One of them peered down with great brown eyes and dropped his jaw, much like Cotramon did when he smiled. "It is fine, small one," it said in strangely accented English. "We study the human languages here as well, should we ever come into contact with your people. We are Greymon."

Both of them were Greymon? He had stopped now, in the midst of a train of thought. "Then how do you distinguish between you? When someone calls 'Greymon, come here!' how do you know which of you he means?" The two hulking figures looked at each other and then back down to Isaac. "Don't you have names," he asked.

One of them nodded. "Our names are in our own tongue, though, unpronounceable by you, apparently." He told him his name, a small sequence of grunting noises with various articulations. It seemed to Isaac the auditory equivalent to a string uncut gems, almost musical in quality. Then the monster told him his cohort's name. That was a two-set noise, like lulling sound followed by a crack of thunder.

He told them as such. "You are very perceptive, small one," the thunderous one said. "Our names are given at birth by parents for a particular quality we display, or as a blessing of things to come. I was born in the mountains after a fierce windstorm. My brother," he indicated the other Greymon, "was born, and our father's father presented the family with a hand-cut gem. So he was named."

And Cotramon, then, was not his real name. So what was it? That got him set to thinking about his companions, and he realized with abrupt clarity that they had left him behind. Hastily he wished the two Digimon a good day and ran off, catching up with them just as they reached a central square, filled with even more Digimon milling about—some of them larger than even the two Greymon at the gates.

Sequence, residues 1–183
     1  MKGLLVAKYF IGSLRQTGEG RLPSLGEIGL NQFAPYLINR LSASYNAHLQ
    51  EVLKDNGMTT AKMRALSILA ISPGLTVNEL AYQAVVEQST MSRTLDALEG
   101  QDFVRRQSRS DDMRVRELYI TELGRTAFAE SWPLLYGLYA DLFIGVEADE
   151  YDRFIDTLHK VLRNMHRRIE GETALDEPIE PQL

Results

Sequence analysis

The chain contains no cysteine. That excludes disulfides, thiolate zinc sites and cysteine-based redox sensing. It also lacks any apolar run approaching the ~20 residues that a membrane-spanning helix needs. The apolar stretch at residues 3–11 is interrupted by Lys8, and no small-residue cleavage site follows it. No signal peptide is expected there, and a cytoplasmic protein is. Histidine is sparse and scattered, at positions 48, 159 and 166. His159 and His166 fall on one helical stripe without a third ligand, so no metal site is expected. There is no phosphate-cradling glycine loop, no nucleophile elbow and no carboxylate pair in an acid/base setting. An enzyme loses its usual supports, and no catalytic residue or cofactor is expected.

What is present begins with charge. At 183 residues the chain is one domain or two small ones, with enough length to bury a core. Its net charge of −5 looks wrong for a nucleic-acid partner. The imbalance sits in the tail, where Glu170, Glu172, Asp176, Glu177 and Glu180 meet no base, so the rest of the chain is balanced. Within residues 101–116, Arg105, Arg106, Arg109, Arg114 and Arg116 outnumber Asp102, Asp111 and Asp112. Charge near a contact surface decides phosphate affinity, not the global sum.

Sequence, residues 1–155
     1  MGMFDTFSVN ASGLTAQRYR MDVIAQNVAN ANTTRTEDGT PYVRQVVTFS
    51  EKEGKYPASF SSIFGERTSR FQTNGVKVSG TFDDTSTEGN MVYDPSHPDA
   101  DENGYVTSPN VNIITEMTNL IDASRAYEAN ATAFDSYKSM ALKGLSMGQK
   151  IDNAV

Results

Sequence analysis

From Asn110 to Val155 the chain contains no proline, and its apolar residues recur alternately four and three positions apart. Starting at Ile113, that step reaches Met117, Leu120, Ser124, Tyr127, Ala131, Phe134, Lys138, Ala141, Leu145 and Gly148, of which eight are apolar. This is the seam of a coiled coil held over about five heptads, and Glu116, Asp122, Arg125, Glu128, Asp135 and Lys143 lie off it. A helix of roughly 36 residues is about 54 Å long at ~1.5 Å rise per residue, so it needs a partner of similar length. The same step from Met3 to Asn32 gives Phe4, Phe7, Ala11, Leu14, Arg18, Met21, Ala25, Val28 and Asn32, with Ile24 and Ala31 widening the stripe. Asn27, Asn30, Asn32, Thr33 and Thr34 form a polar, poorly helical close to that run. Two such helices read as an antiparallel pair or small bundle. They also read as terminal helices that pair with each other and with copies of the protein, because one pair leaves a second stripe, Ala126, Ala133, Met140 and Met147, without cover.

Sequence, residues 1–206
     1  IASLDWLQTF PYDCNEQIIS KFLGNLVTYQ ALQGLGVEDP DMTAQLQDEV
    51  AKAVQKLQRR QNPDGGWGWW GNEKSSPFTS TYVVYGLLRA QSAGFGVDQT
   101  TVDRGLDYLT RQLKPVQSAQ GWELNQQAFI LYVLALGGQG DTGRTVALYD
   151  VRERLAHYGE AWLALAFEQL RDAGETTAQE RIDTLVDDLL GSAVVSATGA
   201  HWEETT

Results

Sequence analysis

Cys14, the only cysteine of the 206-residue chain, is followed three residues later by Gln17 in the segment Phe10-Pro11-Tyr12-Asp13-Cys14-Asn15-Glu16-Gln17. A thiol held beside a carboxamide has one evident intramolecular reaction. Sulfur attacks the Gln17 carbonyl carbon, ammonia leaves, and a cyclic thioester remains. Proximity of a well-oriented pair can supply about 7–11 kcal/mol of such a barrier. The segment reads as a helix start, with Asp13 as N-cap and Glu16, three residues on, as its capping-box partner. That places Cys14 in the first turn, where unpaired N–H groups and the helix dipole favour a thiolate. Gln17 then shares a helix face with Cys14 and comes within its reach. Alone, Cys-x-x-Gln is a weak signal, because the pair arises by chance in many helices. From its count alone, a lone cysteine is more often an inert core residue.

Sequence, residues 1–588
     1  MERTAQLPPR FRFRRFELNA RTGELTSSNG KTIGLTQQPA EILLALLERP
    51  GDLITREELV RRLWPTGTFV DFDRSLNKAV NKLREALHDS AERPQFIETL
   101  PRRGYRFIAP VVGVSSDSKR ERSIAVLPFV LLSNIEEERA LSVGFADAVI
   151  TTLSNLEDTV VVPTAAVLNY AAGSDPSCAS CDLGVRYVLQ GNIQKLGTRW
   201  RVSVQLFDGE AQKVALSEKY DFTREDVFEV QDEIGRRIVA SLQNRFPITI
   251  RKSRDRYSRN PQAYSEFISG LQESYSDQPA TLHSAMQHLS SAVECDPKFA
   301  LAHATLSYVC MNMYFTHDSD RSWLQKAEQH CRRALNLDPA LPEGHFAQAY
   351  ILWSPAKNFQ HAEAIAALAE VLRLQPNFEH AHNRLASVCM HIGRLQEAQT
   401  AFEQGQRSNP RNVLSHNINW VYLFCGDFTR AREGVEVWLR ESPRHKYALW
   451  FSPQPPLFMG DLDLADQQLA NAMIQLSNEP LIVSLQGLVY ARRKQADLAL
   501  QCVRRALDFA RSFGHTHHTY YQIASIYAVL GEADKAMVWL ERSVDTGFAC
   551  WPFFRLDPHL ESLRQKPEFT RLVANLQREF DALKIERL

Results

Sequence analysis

The Enemy looked over a detailed map of Anshar and its capital city. He knew it was outdated, just as his master did. Millenniumon stood by silently, apprehensively awaiting any word his master gave. Silence, though he had appreciated it during the war, had begun to dig into him in a way that bode very badly. It was when his master sat in silent contemplation that he was most prone to outbursts.

Perhaps "outburst" was the wrong word. They had been locked away on this accursed plane for years, and patience was wearing thin. His master had a desire so deep-set within him to rule and conquer, it had become an obsession. And it had happened far before they had crossed paths. But the years of solitude since the war had given him time to plot.

The seal holding them there—he, his master, and Apocalymon, who led the military arm of his master's triumvirate—had begun to fail. The fires from Musplshiem had seeped in and made the dark, storm-churned climate warm. And even now, as the seal continued to crumble, his master began rebuilding his army.

Those foolish Digimon that had locked him away—they called themselves the Sovereignty—had given the Enemy an entire world and its resources to work with. The arrogance of them, who thought they could stay his power indefinitely, had also sealed his vast, soulless armies away with them. Now he had built his army to ten times what it was during the war. And Millenniumon, though not entirely sure of the prospect, had helped him.

How many Digimon had he killed? At first it had been for the need to experiment, as many of the initial tests he had run were on volunteers who thought his master was, indeed, worthy of recognition. Soon, though, the coup had succeeded, and once established, the Enemy had redefined himself. And the volunteers soon turned into conscripted soldiers.